• Garlic was instrumental in driving off Dracula during his first encounter with The Monster Squad, which had the effect of burning him.
  • In My Best Friend is a Vampire, this is one of the earliest tip-offs of Jeremy's turning, discovered during a date that involves a loaded pizza. He's annoyed, because he likes garlic.
  • In The Lost Boys, Max, the man whom the vampire hunters think is the Head Vampire, is invited over to an Italian dinner. When he asks for grated cheese, they slip him shredded garlic, which he liberally put onto his meal. He nearly chokes on it, but other than that is Ok. Turns out he was the Head Vampire, but 1) garlic doesn't actually work, and 2) he was invited in by the homeowner. Ooops!!


  • In the Bailey School Kids series, Mrs. Jeepers, who may or may not be a vampire, is allergic to garlic.
  • In Bunnicula, Chester succeeds at keeping the titular vampire wabbit away from the Monroes' vegetables by using garlic. Of course, this gets him in trouble the next morning when Mrs. Monroe catches him and gives the irate cat a bath.
  • At one point in the Diana Tregarde novel Children of the Night, Diana's agent tried to invoke this trope with a delivery from his favorite Jewish deli — garlic bread, garlic bagels, chicken soup loaded with garlic ... along with a note telling her to keep Andre away from her neck. Diana laughs so hard she almost drops the bag. (Andre is unaffected, and almost as amused.)
  • Discworld:
    • Garlic is one of the ways the wizards consider getting rid of Windle Poons (who's actually a zombie anyway) in Reaper Man, as is a stake. The conversation then descends into whether or not you should put garlic on a steak. Somehow, they end up trying to use celery.
    • In Witches Abroad, garlic sees off the vampire attempting to attack the witches at the Überwald inn ... in the sense that Granny Weatherwax is so offended by Nanny Ogg eating garlic sausage in bed that she throws it out the window, where it hits the vampire in bat form.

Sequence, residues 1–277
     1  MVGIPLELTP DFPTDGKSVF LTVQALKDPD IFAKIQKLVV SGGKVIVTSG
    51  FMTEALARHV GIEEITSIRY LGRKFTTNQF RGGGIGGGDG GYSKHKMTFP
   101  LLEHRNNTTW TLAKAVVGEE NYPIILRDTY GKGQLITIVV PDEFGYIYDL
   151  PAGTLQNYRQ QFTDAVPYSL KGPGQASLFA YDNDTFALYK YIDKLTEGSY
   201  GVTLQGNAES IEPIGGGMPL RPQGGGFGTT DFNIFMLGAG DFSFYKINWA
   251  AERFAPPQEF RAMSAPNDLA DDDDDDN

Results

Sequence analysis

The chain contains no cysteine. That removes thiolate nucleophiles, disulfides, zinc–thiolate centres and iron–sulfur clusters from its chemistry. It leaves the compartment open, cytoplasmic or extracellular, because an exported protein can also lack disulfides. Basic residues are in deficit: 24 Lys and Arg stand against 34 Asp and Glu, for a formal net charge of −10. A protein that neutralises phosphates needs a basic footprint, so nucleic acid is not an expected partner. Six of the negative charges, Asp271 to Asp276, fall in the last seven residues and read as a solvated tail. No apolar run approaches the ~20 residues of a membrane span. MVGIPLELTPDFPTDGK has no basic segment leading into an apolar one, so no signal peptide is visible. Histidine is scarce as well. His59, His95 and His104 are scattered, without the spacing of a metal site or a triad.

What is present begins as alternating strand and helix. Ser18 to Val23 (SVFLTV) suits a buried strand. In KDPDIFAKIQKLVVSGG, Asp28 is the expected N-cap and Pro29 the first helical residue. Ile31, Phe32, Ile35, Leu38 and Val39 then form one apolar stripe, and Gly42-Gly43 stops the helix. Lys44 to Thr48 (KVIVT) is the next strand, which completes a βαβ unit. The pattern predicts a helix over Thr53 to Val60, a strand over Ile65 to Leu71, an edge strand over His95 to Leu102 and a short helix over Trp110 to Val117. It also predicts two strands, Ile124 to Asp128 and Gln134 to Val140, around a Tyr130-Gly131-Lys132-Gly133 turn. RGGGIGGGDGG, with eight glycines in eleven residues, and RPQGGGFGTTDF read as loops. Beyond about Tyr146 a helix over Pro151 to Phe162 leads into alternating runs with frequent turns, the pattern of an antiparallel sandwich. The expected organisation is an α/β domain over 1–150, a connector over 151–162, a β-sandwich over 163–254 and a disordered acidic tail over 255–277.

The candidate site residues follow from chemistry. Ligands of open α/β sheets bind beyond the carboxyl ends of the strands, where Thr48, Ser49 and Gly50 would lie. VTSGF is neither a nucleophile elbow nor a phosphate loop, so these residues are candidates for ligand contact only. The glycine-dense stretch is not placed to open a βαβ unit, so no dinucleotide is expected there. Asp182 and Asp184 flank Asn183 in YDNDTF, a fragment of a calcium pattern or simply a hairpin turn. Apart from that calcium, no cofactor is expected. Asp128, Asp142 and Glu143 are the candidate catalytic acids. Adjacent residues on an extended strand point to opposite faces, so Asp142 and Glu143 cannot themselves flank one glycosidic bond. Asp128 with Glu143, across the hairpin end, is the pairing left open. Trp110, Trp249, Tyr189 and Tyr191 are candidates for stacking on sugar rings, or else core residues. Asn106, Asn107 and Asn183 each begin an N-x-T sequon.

• The Magpyrs in Carpe Jugulum have trained themselves out of this, as they have all vampire weaknesses.
      Count Magpyr: Garlic is just another member of the allium family. Do onions hurt us? Are we frightened of shallots?
    • Played straight in Thud!, where Lance-Constable Salacia von Humperding finds garlic in her locker as part of a hazing ritual, and has prepared for this by carving a bulb of garlic out of an apple so she can pointedly eat it in front of the ringleader. And carving another one stuffed with chilli seeds, which she offers to him...
  • Doctor Who Expanded Universe: In Blood Harvest by Terrance Dicks, the vampires from "State of Decay" are repelled by the flowers of garil, a herb also used in cooking. In The Eight Doctors, also by Dicks, the Doctor flat out says it's just another word for garlic.
  • In Dracula, Van Helsing attempts to protect Lucy from Dracula by giving her a garland of garlic flowers to wear, and rubbing garlic around all the entrances of her bedroom. It fails because Lucy's mother, not realizing their significance, takes the garland off while she sleeps.
  • In The Dresden Files, Black Court vampires are the classic undead type (in fact, Dracula was published as a Black Court hunting manual), and have an aversion to garlic, which burns them on contact. In one of the short stories, garlic powder from a pizza joint works just as well as cloves.
  • Dr. Greta Helsing: Vampires are physically and severely allergic to garlic. When Greta needs to explain matters to a recently-turned teen in Dreadful Company, she compares the reaction to that faced by a friend of the teen with a dangerous nut allergy.
  • In the picture book Frankenstein Takes the Cake by Adam Rex, the poem "The Best Man of Frankenstein Makes a Trip to the Buffet" is from Dracula's perspective as he bites into a piece of garlic bread. The harmfulness appears as an allergic reaction.
  • In Girls Kingdom, a vampire hunter throws garlic at confirmed vampire Angelica, who catches it and tosses it aside with absolutely no ill effects.
  • In House of Hell, one of the many opponents you can meet in the titular house is a vampire. The best way to survive this encounter is to use garlic against him.
  • In one of the Kitty Norville books, Kitty takes a call from a new vampire unhappy losing his career as a chef thanks to his newfound garlic intolerance.
  • Ann Hodgman's My Babysitter Is a Vampire: Vampires really hate garlic, though it just drives them off and won't kill them - Vincent Graver can't even stand to be in the same room when there's a commercial for garlic bread on TV. His rival Boris, on the other hand, was driven back but not fatally injured when a bulb of garlic was shoved into his mouth.